Does there exist a non empty perfect subset of $R$ containing only transcendental numbers ? I am looking for an example although even an existential proof will suffice.
Here's a non-constructive proof. I'm still thinking about a constructive one.
The Cantor set is homeomorphic to its own square (i.e. $C \simeq C \times C$), and from this it follows that $C$ contains infinitely many disjoint copies of itself. If we construct $C$ on an interval with transcendental endpoints, then since the algebraic numbers are countable, then at least one of these copies of $C$ cannot contain any algebraic numbers.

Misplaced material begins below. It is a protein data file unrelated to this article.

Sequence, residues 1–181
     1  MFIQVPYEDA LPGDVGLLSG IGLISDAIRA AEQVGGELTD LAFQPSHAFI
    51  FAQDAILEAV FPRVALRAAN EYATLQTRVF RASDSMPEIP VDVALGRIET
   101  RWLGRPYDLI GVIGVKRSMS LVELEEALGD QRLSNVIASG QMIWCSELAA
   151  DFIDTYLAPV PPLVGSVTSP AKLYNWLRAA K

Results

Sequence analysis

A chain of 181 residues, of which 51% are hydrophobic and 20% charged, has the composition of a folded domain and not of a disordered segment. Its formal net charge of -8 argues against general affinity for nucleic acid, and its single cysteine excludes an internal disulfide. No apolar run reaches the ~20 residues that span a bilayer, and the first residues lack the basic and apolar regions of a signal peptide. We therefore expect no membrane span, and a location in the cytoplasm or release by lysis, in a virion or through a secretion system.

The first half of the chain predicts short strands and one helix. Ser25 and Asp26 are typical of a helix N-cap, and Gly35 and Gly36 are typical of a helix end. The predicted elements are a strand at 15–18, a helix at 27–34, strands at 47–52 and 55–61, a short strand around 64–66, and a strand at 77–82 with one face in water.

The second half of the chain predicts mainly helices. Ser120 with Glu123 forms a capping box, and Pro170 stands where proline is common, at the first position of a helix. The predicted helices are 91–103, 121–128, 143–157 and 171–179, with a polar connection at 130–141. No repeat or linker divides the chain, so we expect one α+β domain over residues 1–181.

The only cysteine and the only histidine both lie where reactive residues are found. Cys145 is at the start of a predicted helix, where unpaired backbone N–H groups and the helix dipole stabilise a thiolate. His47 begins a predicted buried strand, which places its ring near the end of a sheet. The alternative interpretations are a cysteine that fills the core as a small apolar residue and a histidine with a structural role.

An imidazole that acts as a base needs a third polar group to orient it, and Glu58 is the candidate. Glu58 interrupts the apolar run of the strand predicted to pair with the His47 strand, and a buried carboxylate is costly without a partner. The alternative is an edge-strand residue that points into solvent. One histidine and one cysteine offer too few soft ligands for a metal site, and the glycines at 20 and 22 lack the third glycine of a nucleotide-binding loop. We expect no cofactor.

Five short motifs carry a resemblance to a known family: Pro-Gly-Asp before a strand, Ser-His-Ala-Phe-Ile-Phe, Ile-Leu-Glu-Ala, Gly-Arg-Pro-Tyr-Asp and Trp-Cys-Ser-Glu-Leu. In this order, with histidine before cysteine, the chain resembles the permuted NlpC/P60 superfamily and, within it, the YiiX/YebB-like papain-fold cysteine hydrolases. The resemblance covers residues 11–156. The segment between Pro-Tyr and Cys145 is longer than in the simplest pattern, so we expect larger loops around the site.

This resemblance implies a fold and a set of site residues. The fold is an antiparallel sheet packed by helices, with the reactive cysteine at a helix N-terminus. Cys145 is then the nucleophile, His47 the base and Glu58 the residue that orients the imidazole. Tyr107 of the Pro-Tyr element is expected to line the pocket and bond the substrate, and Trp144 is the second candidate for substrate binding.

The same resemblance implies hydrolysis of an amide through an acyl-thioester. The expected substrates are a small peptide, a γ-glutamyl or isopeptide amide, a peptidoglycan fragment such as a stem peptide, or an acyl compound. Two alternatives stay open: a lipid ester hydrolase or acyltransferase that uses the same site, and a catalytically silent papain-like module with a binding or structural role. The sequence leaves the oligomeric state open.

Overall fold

I think a constructive proof using Cantor sets is also possible, but I'm not 100% sure. If I figure something out, I'll update.